I’ve always been fascinated by what various things look like when magnified under a microscope. I got my first microscope when I was in grade 5 and the first slide I made was of a flea I found on my dog, complete with the break across it’s body where I had squeezed it between my fingernails in order to kill it. Unfortunately I didn’t really pursue using it and lost what knowledge I had.
A couple of years ago I thought it might be useful, and fun, to learn how to do fecal float testing to see what parasites my birds might be carrying. I readied myself by asking my local vet to supply me with what I might need: slides, covers, collection containers and float solution. I had a quick lesson from Karen, who works at my local small animal vet on how to prep the sample.
Then I posted in my community’s online bulletin board looking for a microscope to borrow or buy. Val turned up at my door with a box in tow: her microscope and all the equipment required to do fecal testing. She had learned how to do testing when she was involved in both reptile and raptor rescue. We played around with the samples, but somehow we couldn’t really identify anything of interest. She gifted me all her equipment, which I ended up putting to one side.
I recently had an unexpected death of one of my hens. I noticed Keira looking lethargic and walking very slowly. I massaged her enlarged and squishy crop resulting in a huge amount of fluid spewing out. This happened at night so I had to use a flashlight to look at the contents of what came out of her and I thought I saw two larval roundworms. I put my hen in the infirmary and when I returned 90 minutes later she was dead.
When I told my mentor Dr Vicki Bowes, avian vet/pathologist about it she thought it was unusual that roundworms would be expelled from that high up in the digestive system. She suggested I use Fenbendazole to worm my entire flock and offered to get some for me. When I saw her a few weeks later she advised we do fecal float testing before I treated them just so we knew what I was dealing with.
Her email confirmation came with the subject line ‘poop party’. I wasn’t sure what attire was appropriate for such an occasion, but looked forward to nerding out with someone who was equally enthusiastic with all things chicken.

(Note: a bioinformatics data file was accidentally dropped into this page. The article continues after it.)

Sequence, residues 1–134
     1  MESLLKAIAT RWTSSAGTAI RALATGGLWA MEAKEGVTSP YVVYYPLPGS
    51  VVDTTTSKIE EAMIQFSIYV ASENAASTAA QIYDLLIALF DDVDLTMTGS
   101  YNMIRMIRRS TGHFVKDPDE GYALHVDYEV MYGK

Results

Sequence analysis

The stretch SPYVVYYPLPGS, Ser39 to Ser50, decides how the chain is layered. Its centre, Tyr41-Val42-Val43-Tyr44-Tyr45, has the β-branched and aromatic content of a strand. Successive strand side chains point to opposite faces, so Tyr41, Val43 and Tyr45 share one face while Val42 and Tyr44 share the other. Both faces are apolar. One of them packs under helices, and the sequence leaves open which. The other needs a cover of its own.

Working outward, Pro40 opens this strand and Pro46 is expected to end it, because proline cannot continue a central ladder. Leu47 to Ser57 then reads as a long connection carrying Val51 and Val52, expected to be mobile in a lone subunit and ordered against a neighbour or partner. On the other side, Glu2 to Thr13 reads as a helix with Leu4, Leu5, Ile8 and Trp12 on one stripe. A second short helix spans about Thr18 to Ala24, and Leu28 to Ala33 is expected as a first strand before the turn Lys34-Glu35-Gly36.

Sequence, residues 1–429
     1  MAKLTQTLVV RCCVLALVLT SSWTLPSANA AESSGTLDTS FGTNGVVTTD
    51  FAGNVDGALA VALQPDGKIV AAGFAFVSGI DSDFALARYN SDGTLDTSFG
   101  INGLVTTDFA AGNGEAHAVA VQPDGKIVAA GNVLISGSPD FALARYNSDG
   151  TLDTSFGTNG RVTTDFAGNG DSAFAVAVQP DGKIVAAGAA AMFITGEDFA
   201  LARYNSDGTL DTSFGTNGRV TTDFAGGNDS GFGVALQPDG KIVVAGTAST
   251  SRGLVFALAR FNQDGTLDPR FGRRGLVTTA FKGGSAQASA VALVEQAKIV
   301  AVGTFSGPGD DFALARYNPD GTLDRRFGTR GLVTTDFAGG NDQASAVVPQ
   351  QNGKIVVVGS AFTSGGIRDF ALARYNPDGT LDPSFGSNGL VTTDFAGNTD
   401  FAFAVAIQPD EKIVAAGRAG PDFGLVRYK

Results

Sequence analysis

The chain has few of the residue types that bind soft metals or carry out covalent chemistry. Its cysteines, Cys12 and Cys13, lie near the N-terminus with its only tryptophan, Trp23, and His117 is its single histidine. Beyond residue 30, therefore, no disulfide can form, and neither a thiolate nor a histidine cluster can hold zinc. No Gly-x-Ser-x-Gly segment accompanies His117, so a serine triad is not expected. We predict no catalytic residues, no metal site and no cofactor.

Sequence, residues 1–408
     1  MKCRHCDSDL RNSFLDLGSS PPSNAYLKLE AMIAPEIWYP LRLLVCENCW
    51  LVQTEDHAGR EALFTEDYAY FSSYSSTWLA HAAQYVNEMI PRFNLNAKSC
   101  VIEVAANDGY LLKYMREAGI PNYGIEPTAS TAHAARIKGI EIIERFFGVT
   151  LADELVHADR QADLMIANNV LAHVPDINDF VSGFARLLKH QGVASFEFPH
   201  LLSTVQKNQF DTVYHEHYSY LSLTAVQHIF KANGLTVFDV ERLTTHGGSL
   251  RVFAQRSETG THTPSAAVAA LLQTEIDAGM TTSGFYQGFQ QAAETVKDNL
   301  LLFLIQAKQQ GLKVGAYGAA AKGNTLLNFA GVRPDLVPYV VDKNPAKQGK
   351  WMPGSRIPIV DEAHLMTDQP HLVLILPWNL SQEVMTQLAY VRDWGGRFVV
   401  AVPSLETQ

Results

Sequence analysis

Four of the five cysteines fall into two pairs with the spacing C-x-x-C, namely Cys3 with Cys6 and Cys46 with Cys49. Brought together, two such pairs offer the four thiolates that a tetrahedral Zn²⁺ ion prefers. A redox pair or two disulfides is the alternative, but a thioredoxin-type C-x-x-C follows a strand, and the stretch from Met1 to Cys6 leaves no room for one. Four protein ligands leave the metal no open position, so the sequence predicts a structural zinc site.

Dr Bowes asked me to bring a couple of fresh (less than 2 hours old) samples. I went out to visit my flock and no one was cooperating by pooping in front of me. I wanted to ensure that I was getting things hot off the press and uncontaminated by soil and organic debris. I finally spotted a couple of fresh one and used the fecalizer, a small plastic storage container, to collect two poops from my main flock and two from the teenagers in an adjacent pen.
The purpose of our investigation was to search through the poop looking for the presence of internal parasites. The eggs are more prevalent than adults and when mixed with a special solution they float to the surface for easy collection. Every species has distinctive characteristics that allow you to differentiate between them.
I showed up with my samples in hand and we got right to it. Dr Bowes has a licensed small flock consulting practice in her home but we set up in her laundry room where there was access to running water. I’m not sure what I was expecting, but her set up with pretty low tech, what she referred to as the frontier method. She told me that at the Animal Health Centre where she works they use a centrifuge to do what we would undertake manually. That was ideal as this method is accessible to small flock owners. All you need are paper cups, water, white sugar, stir sticks and gauze (and of course, the supplies to prepare the slides ready for the microscope) or you can prepare the sample entirely in a fecalizer. (Dr Bowes did away with mine, preferring her own way of doing things).
Each sample was tipped into a paper cup with a small amount of water and labeled B (back pen = teenagers) or F (front pen = main flock).
It was then thoroughly stirred with a wooden stick. The mixture was then strained through a couple of layers from a gauze pad seated over a clean paper cup to filter out as much debris and solid poop as possible. Any liquid remaining in the gauze was then squeezed out. The result was a darkish brown coloured liquid sitting at the bottom of the cups.